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corn field in drought

Stored soil water can help corn yield during drought

Data from 2017 show stored soil water and shallow ground water accounted for up to 46% of total grain yield.

Source: Iowa State University

Most of Iowa was wet and cool during planting last year (end April to mid-May), warm and dry during vegetative growth (June to July), and cool and wet during reproductive development (August to September). In some locations, the June-July drought was severe with precipitation deficits exceeding eight inches. Despite this drought, yields were high and above the long-term trend for a third straight year.

In-season rainfall is not the only source of water for crops in Iowa. Stored soil water and shallow groundwater were significant contributors to total water uptake. For this reason, crops survived the June-July drought. Field measurements revealed that the depth to water table was approximately five to six feet below the soil surface in mid-July (corn silking time) and crop roots had reached that depth. Deep roots and shallow water tables compensated for much of the precipitation deficit. In fact, below normal June precipitation is favorable in Iowa for two reasons: i) rapid and unconstrained root growth (up to 1.3 inches per day); ii) given generally high soil water content in the early spring, additional precipitation will stimulate nitrogen loss.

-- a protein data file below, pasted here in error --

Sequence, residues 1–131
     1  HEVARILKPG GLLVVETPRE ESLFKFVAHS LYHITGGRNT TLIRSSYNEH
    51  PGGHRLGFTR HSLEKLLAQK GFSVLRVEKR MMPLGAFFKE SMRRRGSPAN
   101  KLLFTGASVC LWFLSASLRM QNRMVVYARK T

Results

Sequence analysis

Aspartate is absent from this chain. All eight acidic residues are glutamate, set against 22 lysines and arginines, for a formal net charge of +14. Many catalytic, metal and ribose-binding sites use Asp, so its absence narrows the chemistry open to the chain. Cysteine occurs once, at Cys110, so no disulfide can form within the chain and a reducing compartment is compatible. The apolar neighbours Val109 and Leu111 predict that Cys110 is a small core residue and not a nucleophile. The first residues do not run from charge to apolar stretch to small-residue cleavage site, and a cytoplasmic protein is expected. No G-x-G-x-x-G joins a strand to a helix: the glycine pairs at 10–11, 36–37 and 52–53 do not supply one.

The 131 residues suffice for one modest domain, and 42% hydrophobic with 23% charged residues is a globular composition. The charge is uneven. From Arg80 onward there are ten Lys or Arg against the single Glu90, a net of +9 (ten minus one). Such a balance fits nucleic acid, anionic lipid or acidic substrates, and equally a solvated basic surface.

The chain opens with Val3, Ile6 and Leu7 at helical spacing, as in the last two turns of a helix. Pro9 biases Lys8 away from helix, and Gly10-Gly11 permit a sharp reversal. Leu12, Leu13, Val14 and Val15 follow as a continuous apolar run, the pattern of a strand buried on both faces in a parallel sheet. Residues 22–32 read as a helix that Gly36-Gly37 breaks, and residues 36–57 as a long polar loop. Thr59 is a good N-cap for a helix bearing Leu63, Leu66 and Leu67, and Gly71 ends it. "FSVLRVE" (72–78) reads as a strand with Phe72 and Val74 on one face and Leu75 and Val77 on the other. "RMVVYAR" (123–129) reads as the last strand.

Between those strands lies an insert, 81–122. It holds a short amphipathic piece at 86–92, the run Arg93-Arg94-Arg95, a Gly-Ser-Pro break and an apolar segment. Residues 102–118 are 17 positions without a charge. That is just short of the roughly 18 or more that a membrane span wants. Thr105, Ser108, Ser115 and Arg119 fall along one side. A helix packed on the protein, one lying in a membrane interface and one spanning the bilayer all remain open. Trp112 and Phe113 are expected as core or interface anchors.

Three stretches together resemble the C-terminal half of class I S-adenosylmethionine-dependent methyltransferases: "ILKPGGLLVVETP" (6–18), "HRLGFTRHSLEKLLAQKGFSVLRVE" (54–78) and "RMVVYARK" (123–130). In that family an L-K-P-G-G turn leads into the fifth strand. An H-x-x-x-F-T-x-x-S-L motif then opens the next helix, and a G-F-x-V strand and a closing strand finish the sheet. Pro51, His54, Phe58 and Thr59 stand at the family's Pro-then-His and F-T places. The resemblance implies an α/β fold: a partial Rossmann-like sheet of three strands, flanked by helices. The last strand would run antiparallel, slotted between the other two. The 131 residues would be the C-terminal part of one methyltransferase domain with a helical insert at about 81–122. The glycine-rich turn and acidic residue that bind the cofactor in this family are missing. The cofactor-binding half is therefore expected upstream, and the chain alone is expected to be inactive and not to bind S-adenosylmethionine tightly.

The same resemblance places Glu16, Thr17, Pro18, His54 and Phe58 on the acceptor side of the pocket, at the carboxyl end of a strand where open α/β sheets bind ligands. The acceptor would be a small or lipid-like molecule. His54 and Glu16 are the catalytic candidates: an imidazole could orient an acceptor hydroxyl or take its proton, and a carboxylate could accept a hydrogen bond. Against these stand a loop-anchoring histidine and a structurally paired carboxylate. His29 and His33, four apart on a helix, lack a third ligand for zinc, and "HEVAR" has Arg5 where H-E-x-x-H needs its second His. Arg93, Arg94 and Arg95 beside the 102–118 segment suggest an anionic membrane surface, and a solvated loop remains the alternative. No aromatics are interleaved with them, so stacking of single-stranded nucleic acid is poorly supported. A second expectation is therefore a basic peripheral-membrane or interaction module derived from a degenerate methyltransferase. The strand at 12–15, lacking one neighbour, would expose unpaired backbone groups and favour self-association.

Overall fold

In terms of grain yield equivalent, model analyses suggest that root access to shallow groundwater accounted for 1% to 46% of total grain yield. The contribution was lower in sites with sufficient rain and higher in sites with drought. In addition to water, the same analyses indicated that the subsoil had more than enough nutrients for sustaining high crop yields.

Cool temperatures in August and September reduced transpiration rates, slowed development, and extended the grain-filling period. Additionally, the growing season was extended by a later than normal first killing frost in the fall. This resulted in higher than normal seed weight in corn.

Together, these factors contributed to surprisingly high corn yields in 2017. Quantifying temperature, precipitation, and water table dynamics across the state has been an important component of moving the science of digital agriculture forward to enable better predictions of yield and will greatly assist management decisions and predictability of crop yields and nitrogen losses.

Iowa State University

Figure 1: Cumulative difference between 2017 precipitation and 35-yr average for five locations in Iowa. SW = southwest, NE = Northeast, NW = Northwest, SE = Southeast. Grain yields ranged from 190 to 235 bu/ac. 

Iowa State University

Figure 2: Cumulative difference between 2017 cumulative GDD and 35-yr average for five locations in Iowa. SW = southwest, NE = Northeast, NW = Northwest, SE = Southeast. Grain yields ranged from 190 to 235 bu/ac. 

TAGS: Corn
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